By Adam B. Dorfman
Epigenetic mechanisms is the study of how environmental information is translated into gene expression, which genes are read or not, has been especially crucial to learning how environmental signals influence the living cell.
There are two important epigenetic mechanism’ that plays critical roles in genetic expression: DNA Methylation and the other is Histone Modification. Both alter the genes expression without changing the gene sequence, and these changes can be inherited. DNA methylation occurs when certain methyl molecules bind to the DNA to switch on or off a particular gene.
Histone modifications is the other epigenetic mechanism and it occurs when an environmental signals, binds to the histone, that covers the DNA, and causes in to detach; enabling sections of your genetic code to be read or not. Again these modifications enable certain regions of DNA to be exposed and over expressed or under expressed.
We know that eating certain diets or being exposed to pollutants and toxins, for instance, can change the expression of our genes. However, surprisingly, until recently, very little research had been pursued on the epigenetic mechanisms from endurance training.
We have all been told we should perform moderate exercise five days a week to maintain and improve our physical conditions and immune systems to reduce the risk of various diseases including obesity and stroke. A new study in epigenetics has found that endurance training can actually change the way genes are read and consequently lead to improvements in metabolism and control over inflammation. The principal investigator of the study was Carl Johan Sundberg of the Karolinska Institutet in Sweden. The paper about the new study was published in Epigenetics.
In a press release, Sundberg said, “It is well-established that being inactive is perilous, and that regular physical activity improves health, quality of life and life expectancy. However, exactly how the positive effects of training are induced in the body has been unclear. This study indicates that epigenetics is an important part in skeletal muscle adaptation to endurance training.” One of the biggest obstacles to accurately study epigenetic changes is to distinguish epigenetic-specific changes from other factors such as behaviors and diet.
How to Isolate Behaviors and Diets?
To tackle the issue, researchers in Karolinska Institute recruited 23 young men and women for a series of clinical test including muscle biopsy; every one of them engaged in 45 minutes of endurance for four times a week during three months study. Each was required to cycle using only one leg, so everyone was actually a group study. This research helped scientists to analyze DNA methylation process in both legs as an effect of endurance training.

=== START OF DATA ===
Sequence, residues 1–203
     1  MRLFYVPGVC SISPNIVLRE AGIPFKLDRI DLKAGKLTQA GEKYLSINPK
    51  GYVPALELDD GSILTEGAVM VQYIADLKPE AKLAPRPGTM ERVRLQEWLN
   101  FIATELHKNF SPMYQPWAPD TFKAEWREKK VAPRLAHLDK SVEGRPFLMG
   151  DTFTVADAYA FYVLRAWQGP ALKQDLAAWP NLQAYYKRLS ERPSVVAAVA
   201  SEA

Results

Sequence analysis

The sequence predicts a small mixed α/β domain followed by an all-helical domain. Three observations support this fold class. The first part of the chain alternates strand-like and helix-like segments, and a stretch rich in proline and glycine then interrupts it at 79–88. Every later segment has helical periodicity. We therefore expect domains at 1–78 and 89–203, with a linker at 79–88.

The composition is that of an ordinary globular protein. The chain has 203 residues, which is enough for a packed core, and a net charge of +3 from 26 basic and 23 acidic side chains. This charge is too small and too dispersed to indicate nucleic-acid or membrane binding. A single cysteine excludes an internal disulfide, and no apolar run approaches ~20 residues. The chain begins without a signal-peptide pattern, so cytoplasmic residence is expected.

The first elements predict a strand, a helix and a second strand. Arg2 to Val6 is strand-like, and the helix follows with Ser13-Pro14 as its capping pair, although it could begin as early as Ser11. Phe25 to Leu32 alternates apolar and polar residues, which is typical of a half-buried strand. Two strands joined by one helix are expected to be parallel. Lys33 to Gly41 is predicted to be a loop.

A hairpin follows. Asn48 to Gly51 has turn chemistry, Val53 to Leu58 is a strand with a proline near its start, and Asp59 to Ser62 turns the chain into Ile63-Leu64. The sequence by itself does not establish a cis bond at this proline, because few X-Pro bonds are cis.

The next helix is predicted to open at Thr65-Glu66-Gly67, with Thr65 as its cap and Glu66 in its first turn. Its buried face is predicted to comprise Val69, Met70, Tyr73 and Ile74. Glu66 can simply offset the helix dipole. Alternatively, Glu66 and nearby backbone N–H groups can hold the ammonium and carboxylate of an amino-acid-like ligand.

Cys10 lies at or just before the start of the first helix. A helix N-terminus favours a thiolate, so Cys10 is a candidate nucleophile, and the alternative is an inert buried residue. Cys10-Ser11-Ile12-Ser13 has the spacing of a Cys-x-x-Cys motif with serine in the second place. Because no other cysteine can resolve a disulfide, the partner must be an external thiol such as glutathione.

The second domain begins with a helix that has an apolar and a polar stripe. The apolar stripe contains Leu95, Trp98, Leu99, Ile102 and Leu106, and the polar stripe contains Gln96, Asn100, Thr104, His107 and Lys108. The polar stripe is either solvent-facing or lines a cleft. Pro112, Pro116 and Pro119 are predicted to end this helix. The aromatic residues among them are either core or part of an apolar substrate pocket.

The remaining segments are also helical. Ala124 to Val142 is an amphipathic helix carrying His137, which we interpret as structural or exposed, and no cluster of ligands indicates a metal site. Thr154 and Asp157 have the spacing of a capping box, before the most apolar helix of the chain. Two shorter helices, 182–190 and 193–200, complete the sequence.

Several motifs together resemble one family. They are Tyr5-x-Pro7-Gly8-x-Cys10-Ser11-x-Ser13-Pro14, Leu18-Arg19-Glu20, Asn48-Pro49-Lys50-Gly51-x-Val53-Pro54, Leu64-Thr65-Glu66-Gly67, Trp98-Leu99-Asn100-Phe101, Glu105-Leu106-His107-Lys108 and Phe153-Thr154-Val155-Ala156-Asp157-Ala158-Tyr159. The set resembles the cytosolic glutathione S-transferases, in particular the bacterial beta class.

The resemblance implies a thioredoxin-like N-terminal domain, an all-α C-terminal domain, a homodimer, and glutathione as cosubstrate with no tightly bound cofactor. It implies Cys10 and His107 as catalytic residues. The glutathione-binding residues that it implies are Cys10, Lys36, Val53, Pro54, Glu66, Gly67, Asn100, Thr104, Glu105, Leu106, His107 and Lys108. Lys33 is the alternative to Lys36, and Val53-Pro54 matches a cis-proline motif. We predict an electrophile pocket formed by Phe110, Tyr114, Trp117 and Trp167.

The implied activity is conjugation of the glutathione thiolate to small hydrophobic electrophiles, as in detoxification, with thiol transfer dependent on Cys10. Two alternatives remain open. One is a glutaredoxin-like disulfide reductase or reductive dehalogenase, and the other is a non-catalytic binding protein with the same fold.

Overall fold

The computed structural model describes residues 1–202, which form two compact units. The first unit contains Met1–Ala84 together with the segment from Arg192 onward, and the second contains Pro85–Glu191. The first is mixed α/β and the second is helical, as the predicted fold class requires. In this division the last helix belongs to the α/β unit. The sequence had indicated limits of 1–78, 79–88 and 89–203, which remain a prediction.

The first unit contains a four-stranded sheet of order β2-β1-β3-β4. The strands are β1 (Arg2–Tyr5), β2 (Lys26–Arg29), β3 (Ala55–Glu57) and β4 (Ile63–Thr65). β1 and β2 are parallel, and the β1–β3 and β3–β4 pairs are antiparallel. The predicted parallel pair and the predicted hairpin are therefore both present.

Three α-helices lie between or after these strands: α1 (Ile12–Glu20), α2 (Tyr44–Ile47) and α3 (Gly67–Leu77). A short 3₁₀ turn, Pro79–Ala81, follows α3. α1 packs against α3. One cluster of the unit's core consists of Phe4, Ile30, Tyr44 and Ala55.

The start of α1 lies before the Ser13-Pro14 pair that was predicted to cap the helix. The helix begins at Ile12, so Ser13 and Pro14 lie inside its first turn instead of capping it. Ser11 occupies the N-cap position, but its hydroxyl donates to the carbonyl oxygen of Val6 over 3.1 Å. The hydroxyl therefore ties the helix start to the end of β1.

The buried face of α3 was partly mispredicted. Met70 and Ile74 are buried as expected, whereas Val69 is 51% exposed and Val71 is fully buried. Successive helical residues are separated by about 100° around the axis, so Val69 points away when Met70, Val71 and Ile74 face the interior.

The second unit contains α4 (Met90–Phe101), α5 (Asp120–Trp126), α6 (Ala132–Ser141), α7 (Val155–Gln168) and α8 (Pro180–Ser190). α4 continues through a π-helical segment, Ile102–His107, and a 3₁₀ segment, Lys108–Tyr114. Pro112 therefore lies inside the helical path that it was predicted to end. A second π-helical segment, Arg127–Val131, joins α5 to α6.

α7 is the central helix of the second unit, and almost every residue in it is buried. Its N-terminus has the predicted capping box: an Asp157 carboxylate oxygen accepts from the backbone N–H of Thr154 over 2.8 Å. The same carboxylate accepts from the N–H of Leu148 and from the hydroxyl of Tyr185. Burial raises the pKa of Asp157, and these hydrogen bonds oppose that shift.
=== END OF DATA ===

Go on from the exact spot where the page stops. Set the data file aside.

After three months of moderate training, the exercised leg of every volunteer became stronger than the other, confirming that endurance training did give physical improvement, but this was not the objective of the study. Using sophisticated genomic analysis, researchers found that changes within muscle cells’ DNA were a bit more interesting. The exercised legs featured new gene expressions in more than 5,000 sites on the genome of muscle cells. Some of them showed more changes, while others showed less.
These changes were significant, but the unexercised legs did not show the same thing. Many portions of the genome, which can amplify expression of proteins by genes known as enhancers, showed positive effects.
Lifestyle Changes Matter
Malene Lindholm, a graduate student at Karolinska Institute who also led the study said, “Many mysteries still remain, though.” There are at least two big questions yet to answer. First is whether or not the genetic changes triggered by endurance training linger if the person quits exercising. The second question is the possibility that different types or intensity of exercise affect gene expression. Despite those unanswered questions, the study did bring new understanding about epigenetics. Ms. Lindholm added, “Through endurance training — a lifestyle change that is easily available for most people and doesn’t cost much money, we can induce changes that affect how we use our genes and, through that, get healthier and more functional muscles that ultimately improve our quality of life.”
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